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River Blindness

Last updated March 9, 2018

Approved by: Maulik P. Purohit MD, MPH


Life Cycle of Oncocerca volvulus.

What are the other Names for this Condition? (Also known as/Synonyms)

  • African River Blindness
  • Onchocerciasis
  • Robles Disease

What is River Blindness? (Definition/Background Information)

  • River Blindness or Onchocerciasis is a type of roundworm infection caused by Onchocerca volvulus (a parasite). It is a vector-borne infection that is transmitted by an infected blackfly, known as simulium
  • The condition is mostly endemic to many regions of Africa and frequently affects those living near rivers and streams, which are fast-moving
  • The parasitic worm O. volvulus can cause itchy skin rashes, signs and symptoms involving the eye, and firm nodules just below the skin
  • Treatment of River Blindness involves the use of the anti-parasitic medication ivermectin, which can result in a complete cure. Longstanding infections that remain untreated may lead to permanent blindness

Who gets River Blindness? (Age and Sex Distribution)

  • River Blindness infects all individuals, irrespective of age, gender, race, or ethnicity
  • The disease is especially observed among people, who live in the tropical areas of Africa (a large percentage of infections take place in sub-Saharan Africa), Middle East, and some parts of South America, where River Blindness is endemic

What are the Risk Factors for River Blindness? (Predisposing Factors)

Following are the risk factors for River Blindness:

  • Living in the tropical areas, where River Blindness is endemic
  • Travelers who visit the endemic regions for extended time periods (such as for over 3 months) have a high risk
  • Those living near fast-moving water bodies such as rivers and streams (in the endemic regions), since blackflies are found near such water bodies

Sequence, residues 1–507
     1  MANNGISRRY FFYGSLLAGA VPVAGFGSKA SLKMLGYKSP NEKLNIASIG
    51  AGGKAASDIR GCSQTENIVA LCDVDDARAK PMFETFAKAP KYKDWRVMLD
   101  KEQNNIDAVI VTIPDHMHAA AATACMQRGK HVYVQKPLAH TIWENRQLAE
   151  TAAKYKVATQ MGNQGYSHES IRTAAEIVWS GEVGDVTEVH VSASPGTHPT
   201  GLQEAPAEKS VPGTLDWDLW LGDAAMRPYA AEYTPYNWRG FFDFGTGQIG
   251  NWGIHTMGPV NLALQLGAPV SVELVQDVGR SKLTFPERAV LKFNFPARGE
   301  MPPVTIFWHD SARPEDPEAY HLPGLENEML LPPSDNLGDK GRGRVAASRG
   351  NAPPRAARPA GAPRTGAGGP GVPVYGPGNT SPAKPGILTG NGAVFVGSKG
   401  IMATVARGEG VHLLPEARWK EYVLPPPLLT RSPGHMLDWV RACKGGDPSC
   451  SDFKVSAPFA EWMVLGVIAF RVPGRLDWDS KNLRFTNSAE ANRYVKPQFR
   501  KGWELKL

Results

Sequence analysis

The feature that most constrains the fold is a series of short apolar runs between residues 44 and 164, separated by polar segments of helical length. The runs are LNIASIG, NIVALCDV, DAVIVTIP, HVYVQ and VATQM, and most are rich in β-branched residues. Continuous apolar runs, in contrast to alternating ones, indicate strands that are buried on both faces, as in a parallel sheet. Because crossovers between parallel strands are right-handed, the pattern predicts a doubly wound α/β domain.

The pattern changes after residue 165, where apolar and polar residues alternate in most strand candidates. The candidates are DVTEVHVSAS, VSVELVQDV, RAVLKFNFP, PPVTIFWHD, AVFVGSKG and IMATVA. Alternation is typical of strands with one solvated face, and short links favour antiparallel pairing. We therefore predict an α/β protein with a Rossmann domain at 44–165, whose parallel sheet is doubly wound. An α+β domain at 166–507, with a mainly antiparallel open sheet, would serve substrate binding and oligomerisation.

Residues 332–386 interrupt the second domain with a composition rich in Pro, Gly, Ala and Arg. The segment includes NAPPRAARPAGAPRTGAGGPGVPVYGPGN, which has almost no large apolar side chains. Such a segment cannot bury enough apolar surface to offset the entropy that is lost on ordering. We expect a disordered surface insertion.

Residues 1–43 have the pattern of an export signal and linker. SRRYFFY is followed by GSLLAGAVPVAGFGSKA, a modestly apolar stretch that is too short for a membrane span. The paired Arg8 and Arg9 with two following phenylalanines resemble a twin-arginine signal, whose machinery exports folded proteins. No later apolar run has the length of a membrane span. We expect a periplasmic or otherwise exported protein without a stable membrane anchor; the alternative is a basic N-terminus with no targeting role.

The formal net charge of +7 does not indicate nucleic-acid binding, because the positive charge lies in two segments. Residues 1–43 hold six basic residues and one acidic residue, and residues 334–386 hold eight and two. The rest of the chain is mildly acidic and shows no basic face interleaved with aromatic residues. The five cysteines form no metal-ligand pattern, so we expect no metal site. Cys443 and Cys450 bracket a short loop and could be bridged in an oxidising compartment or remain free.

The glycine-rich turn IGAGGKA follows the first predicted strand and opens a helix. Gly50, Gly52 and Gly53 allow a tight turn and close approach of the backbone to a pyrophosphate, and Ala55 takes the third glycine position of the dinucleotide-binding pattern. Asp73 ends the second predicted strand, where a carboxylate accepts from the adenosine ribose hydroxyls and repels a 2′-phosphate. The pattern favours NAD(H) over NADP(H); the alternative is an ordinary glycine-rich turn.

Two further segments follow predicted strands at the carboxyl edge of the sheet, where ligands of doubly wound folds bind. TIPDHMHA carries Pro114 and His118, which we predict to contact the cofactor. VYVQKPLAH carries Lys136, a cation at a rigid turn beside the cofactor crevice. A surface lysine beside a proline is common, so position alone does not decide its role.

• Individuals with very weak immune system, such as those with HIV infection and AIDS, are at a higher risk

It is important to note that having a risk factor does not mean that one will get the condition. A risk factor increases one's chances of getting a condition compared to an individual without the risk factors. Some risk factors are more important than others.

Also, not having a risk factor does not mean that an individual will not get the condition. It is always important to discuss the effect of risk factors with your healthcare provider.

What are the Causes of River Blindness? (Etiology)

  • River Blindness may be described as a type of filarial roundworm infection that is caused by the bite of an infected female blackfly
  • Typically, one bite by the infected blackfly does not result in an infection. Studies have revealed that an individual has to receive multiple bites before the signs and symptoms of River Blindness can be manifested
  • The parasitic roundworm Onchocerca volvulus (larva) enters the skin when the fly bites (repeatedly), which results in River Blindness

What are the Signs and Symptoms of River Blindness?

Once an individual is infected, it may take up to a year for the individual to present with the signs and symptoms of River Blindness. The most common signs and symptoms may include:

  • Severe itchiness that can lead to skin rashes and loss of sleep
  • Skin lesions are pruritic papules, hyperpigmented patches, irregular pigmentation of skin (leopard skin), and skin atrophy
  • Formation of subcutaneous nodules
  • Thickening of the skin due to lymph edema, especially in the groin region (known as hanging groin)
  • Eye signs and symptoms that include redness (conjunctivitis), pain in the eye, glaucoma-like symptoms due to increased pressure in the eye

It is important to note that the parasite can affect any part of the eye.

How is River Blindness Diagnosed?

A diagnosis of River Blindness would involve the following exams and tests:

  • Complete physical examination with medical history evaluation (including history of recent travel)
  • Blood tests to detect antibodies against the parasite: If an individual has a positive antibody blood test, it does not mean that the individual has an active infection. It might indicate that the individual may have been infected in the past. Hence, in such cases, the healthcare provider combines the physical findings and laboratory tests to arrive at a definitive diagnosis